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Wuhan virus: Singapore to impose travel restrictions on holders of Chinese passports issued in Hubei

Wuhan virus: Singapore to impose travel restrictions on holders of Chinese passports issued in Hubei

Officials monitor thermal scanners as passengers walk past upon arrival of a flight from Hangzhou, China at Changi Airport, Singapore Jan 22, 2020. (Photo: REUTERS/Yiming Woo)

SINGAPORE: Authorities will stop entry or transit for new visitors who have travelled to Hubei in the last 14 days, as well as holders of Chinese passports issued in Hubei, as Singapore steps up measures against the spread of the Wuhan virus.

The restriction will start at noon on Wednesday (Jan 29), the Ministry of Health (MOH) announced on Tuesday as it confirmed two new cases, bringing the tally up to seven.

READ: Singapore confirms 3 new cases of Wuhan virus; total of 10 infected

With immediate effect, there will be a suspension on new visas being issued for holders of Chinese passports issued in Hubei, as well as previously issued short-term visas and multiple-visit visas.

The provision of visa-free transit facilities for such travellers is also suspended.

During a media briefing on Tuesday, the Immigration and Checkpoints Authority (ICA) said that visitors who arrive in Singapore with a visa that has been suspended will be asked to go back and will have to make their own arrangements to do so. 

The rule applies to all checkpoints, said ICA, adding that those who travel without a valid visa by coach into Singapore from Johor Bahru will be turned back to Malaysia. 

Airlines have been informed of these measures, ICA said.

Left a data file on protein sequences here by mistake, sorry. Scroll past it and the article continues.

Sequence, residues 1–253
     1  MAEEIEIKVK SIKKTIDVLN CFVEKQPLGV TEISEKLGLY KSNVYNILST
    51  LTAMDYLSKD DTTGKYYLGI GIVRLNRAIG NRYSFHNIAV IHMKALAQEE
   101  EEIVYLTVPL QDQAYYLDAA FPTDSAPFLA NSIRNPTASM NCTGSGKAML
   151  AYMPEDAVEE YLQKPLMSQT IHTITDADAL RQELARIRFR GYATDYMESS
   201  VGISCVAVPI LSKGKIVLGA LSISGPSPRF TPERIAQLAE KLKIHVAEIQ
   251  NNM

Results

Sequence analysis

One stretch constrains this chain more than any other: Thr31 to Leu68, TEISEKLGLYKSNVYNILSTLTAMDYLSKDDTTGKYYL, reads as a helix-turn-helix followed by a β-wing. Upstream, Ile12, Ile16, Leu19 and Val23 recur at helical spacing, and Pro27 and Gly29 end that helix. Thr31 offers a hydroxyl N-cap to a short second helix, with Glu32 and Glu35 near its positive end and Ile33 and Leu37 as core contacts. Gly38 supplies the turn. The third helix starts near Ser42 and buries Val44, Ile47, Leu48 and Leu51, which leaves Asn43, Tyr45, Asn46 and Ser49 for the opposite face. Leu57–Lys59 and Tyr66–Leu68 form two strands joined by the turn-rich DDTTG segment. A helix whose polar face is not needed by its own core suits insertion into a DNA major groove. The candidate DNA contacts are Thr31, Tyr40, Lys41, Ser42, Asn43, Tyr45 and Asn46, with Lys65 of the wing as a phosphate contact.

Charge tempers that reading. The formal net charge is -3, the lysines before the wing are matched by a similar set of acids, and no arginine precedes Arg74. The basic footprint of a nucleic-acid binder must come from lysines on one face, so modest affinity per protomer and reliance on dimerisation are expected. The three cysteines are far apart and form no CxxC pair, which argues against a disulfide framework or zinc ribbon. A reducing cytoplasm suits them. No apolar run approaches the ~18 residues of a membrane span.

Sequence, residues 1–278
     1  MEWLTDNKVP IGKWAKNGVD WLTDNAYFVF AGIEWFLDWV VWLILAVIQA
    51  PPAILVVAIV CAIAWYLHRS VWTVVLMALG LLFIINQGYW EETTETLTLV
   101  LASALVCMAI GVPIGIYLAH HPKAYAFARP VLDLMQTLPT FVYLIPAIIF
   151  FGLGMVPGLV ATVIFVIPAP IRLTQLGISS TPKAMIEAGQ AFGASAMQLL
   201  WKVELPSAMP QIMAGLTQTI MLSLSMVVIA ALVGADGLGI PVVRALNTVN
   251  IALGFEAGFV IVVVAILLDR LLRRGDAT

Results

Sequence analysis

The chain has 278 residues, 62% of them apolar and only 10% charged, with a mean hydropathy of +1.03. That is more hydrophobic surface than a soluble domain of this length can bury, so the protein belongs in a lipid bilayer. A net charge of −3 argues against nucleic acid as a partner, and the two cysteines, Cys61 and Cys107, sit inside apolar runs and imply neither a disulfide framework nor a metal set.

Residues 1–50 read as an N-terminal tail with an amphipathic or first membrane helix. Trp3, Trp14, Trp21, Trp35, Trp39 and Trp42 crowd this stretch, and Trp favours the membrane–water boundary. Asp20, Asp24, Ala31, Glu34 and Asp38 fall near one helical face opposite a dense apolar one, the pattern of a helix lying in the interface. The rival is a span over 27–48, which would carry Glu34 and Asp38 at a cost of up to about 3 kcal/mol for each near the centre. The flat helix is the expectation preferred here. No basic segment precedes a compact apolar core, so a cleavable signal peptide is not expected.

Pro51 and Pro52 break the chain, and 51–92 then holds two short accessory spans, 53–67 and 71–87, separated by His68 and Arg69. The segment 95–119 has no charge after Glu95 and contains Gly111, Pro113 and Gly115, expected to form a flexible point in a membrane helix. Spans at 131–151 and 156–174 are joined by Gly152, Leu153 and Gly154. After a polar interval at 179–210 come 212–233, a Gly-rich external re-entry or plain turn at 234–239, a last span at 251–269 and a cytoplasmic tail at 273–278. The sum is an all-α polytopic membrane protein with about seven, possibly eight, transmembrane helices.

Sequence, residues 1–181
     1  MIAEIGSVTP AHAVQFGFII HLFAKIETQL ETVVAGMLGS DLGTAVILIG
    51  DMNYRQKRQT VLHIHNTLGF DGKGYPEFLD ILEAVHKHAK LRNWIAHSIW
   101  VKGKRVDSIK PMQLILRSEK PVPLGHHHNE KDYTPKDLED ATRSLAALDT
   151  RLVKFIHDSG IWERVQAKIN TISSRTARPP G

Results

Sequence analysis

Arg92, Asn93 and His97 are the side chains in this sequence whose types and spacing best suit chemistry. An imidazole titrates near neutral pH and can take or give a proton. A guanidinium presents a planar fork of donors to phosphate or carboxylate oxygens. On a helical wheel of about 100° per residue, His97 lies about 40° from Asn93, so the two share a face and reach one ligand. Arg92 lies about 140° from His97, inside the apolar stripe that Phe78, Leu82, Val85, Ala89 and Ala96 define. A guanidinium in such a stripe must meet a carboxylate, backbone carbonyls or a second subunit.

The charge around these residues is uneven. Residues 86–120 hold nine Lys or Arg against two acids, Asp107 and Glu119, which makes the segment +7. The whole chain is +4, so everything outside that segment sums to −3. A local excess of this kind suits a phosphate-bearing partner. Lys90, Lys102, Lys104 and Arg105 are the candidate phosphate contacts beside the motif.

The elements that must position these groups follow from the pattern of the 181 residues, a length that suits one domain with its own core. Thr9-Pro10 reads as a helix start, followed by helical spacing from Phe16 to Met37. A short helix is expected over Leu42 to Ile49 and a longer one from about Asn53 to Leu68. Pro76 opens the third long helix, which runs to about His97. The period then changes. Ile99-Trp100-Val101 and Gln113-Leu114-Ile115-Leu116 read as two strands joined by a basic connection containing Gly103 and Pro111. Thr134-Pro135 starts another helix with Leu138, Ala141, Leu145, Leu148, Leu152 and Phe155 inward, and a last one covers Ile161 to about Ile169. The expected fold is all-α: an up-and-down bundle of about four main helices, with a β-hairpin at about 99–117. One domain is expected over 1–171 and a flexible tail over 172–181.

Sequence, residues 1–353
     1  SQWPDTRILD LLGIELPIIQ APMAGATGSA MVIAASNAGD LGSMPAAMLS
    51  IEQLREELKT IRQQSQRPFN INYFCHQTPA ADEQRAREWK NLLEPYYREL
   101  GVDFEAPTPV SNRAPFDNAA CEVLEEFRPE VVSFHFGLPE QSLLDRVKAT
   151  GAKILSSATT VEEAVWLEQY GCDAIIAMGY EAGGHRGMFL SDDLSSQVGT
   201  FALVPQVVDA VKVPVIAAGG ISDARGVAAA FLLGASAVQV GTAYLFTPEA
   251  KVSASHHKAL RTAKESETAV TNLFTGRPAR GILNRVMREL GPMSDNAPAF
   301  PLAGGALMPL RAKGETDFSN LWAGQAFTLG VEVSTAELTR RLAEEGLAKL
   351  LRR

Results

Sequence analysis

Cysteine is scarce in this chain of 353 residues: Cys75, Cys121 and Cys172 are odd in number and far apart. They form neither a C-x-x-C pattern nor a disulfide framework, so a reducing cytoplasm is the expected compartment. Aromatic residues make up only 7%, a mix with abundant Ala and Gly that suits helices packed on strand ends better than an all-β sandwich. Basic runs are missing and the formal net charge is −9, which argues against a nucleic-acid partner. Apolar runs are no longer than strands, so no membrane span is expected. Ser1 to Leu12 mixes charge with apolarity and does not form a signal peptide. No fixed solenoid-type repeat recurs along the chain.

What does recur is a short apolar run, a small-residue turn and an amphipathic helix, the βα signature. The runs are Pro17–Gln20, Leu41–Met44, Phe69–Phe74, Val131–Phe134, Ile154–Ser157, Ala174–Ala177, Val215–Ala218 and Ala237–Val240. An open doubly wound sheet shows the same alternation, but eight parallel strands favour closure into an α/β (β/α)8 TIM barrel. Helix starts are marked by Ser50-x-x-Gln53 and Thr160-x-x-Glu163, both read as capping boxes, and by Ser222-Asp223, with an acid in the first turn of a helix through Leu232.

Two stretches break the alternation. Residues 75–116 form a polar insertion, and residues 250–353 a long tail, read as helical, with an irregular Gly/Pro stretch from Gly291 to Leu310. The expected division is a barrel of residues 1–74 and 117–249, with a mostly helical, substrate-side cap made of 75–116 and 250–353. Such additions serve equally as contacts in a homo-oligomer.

MOH said that airlines have a part to play as well, as they are expected to inform passengers of these measures. 

"Then it becomes the decision of the passenger whether or not to proceed to fly and potentially be subjected to quarantine orders or change travel plans," said MOH. 

Those who arrive without a valid visa and show symptoms will be attended to, the ministry said. 

At least 130 people have died from the virus in China, and more than 5,000 people have been infected across the nation.

READ: Wuhan virus death toll jumps to 106, more than 4,000 cases confirmed in China

Authorities have started to contact an estimated 2,000 people already in Singapore with recent Hubei travel history or Chinese nationals with Hubei passports. About 1,000 of them are on short-term visas.

Those assessed to be of "higher risk" - including those who had contact with someone infected with the virus or visited hospitals in mainland China - will be quarantined.

The quarantine policy will also include returning Singapore residents and long-term pass holders, who have travelled to Hubei in the last 14 days or hold Chinese passports issued in Hubei.

The quarantine orders have legal force, with penalties for non-compliance, MOH said. Those who do not comply with quarantine orders face a maximum fine of S$10,000 and up to six months in jail.


Speaking to reporters after the media briefing, Minister for National Development Lawrence Wong said that Singaporeans and Permanent Residents (PRs) who are quarantined will receive S$100 a day.

Mr Wong, who is the co-chair of a multi-ministry task force set up to handle the Wuhan virus situation, was responding to a question about the kind of assistance offered to those whose livelihoods would be affected by the quarantine restrictions. 

"It (the allowance) will be given to the employer for those working. It will be given to the individual for those who are self-employed," Mr Wong said. 

He added that the allowance is just one measure and that the Government is looking at other potential economic measures to help those who are affected, vulnerable groups as well as affected sectors of the economy.